Myth #3: Forming an LLC or Corporation Will Protect My Assets
While you may get limited asset protection by operating in a business entity, you’re on the hook if it’s you providing the medical services. However, if you employ other physicians or healthcare professionals to provide services, then you have a layer of protection from their malpractice. However, you must follow the business formalities each year, such as updating corporate records, holding meetings, and documenting business decisions.
Myth #4: An S-Corp Will Save Me a Bunch of Taxes
Generally, being an S-Corp versus a sole proprietor may save social security tax depending on your salary and will save you Medicare tax. Any profit distribution taken over your wage is not subject to payroll taxes. However, the IRS is keenly aware of this, so you cannot set your salary too low. Additionally, setting your salary low will affect the amount your business can contribute to your retirement plan. Finally, depending on income level, your Section 199A business deduction may be greater as a sole proprietor versus an S Corporation. We recommend a detailed tax analysis before selecting which tax structure is best for you.
Myth #5: S Corporations Are Simple to Run
When running an S-Corp, you’ll need to set up payroll to pay your wages. This requires an accountant or payroll service to process checks and applicable withholding along with filing the necessary payroll tax returns to the Federal and state governments. Additionally, you may be required to obtain workers’ compensation and unemployment insurance.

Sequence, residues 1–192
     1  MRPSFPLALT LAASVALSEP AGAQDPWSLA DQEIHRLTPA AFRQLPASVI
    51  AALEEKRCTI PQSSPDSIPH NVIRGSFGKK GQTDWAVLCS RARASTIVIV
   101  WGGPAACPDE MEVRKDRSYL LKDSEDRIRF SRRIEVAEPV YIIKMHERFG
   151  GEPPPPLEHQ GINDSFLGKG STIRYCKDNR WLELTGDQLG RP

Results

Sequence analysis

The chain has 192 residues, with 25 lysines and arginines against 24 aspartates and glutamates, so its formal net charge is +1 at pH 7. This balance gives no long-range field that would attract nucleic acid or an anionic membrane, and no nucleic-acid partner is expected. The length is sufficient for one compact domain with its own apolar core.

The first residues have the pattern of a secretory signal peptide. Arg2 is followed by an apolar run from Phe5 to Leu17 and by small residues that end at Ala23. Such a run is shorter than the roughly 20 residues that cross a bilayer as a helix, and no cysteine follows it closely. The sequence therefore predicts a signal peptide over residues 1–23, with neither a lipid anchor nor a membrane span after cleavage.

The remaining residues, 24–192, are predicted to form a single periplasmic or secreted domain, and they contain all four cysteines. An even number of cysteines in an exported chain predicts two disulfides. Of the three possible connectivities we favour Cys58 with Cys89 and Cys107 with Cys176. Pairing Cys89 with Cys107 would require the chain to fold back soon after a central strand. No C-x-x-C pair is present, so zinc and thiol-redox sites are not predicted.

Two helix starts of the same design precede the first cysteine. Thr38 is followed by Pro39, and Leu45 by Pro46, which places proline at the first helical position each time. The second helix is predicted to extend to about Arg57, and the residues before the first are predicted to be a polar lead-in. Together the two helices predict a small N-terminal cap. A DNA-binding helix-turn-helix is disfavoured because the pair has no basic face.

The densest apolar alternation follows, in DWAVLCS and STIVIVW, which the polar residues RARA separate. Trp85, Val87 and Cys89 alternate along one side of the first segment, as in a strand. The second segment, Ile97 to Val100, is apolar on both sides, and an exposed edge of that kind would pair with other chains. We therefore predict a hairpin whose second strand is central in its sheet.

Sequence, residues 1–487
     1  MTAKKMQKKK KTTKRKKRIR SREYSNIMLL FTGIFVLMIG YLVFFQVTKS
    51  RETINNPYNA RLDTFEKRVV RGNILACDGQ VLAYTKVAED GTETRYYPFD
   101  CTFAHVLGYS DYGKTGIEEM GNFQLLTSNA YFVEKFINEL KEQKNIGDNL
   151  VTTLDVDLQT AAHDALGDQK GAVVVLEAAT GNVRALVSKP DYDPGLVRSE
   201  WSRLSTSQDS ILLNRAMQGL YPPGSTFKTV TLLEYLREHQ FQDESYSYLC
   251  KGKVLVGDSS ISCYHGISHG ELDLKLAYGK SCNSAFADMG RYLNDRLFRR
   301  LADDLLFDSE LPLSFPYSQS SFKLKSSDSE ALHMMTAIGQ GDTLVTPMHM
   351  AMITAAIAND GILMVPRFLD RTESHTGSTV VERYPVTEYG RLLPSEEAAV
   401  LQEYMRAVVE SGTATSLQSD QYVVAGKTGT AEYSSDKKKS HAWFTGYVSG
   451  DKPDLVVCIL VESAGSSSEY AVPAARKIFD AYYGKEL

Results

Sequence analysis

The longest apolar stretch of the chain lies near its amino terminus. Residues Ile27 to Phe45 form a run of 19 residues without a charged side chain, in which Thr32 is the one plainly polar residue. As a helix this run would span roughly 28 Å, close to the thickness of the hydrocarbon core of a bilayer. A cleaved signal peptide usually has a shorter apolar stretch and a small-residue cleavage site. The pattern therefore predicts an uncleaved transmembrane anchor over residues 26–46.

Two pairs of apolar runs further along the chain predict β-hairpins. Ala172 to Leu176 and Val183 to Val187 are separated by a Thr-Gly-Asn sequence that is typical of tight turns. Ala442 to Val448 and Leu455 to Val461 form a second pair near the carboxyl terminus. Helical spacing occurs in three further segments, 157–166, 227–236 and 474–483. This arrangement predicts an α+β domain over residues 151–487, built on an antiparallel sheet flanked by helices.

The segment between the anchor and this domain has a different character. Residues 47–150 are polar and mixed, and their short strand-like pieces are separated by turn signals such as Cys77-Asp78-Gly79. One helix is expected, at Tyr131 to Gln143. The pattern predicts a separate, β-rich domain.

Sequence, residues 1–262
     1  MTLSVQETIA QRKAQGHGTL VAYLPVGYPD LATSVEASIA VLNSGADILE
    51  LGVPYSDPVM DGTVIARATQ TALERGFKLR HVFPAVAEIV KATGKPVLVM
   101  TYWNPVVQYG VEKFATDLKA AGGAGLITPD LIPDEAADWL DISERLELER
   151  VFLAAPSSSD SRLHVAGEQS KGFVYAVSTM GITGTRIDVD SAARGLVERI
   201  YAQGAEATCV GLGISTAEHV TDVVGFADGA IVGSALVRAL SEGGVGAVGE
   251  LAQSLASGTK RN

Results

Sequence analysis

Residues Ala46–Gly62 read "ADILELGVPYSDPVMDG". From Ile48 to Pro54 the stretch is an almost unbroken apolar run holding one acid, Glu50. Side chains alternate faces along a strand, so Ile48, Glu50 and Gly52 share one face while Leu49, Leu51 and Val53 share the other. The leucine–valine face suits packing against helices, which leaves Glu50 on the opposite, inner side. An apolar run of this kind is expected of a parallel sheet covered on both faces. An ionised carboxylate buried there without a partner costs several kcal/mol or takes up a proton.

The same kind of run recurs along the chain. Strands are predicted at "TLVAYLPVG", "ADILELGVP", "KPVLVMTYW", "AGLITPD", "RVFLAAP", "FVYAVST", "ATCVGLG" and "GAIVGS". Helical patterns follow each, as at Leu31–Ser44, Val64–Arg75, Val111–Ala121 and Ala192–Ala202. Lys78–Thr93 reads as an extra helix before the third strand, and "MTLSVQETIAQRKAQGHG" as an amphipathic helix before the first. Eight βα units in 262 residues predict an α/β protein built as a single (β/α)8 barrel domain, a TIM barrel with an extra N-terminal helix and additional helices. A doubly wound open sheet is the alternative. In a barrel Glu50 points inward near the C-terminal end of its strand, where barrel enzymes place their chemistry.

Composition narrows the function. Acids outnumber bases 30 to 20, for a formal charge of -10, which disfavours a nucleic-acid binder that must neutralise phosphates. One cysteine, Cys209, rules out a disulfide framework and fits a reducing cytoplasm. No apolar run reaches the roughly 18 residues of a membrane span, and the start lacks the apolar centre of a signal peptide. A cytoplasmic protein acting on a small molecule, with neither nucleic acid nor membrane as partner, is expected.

Myth #6: I Can Wait Till End of Year to Do My Accounting and Taxes
An S-Corp requires a separate Federal and state income tax return. These returns require more information about the business than a typical Schedule C (Form 1040) on your personal return. Since you’re self-employed, you’ll file quarterly income tax estimates for Federal and state income taxes. This needs to be calculated quarterly by an accountant. Having good electronic accounting records can make this less costly. We recommend you hire an accountant to do the monthly accounting so that quarterly and annual tax filings are seamless.
Myth #7: Using My Checking and Credit Cards for Business Makes Things Simple
While not having an additional checking account and credit card for the business seems like simplification, it makes the business accounting more complex and may cause legal issues with your business structure. Moreover, in our experience, it makes accounting and taxes very costly.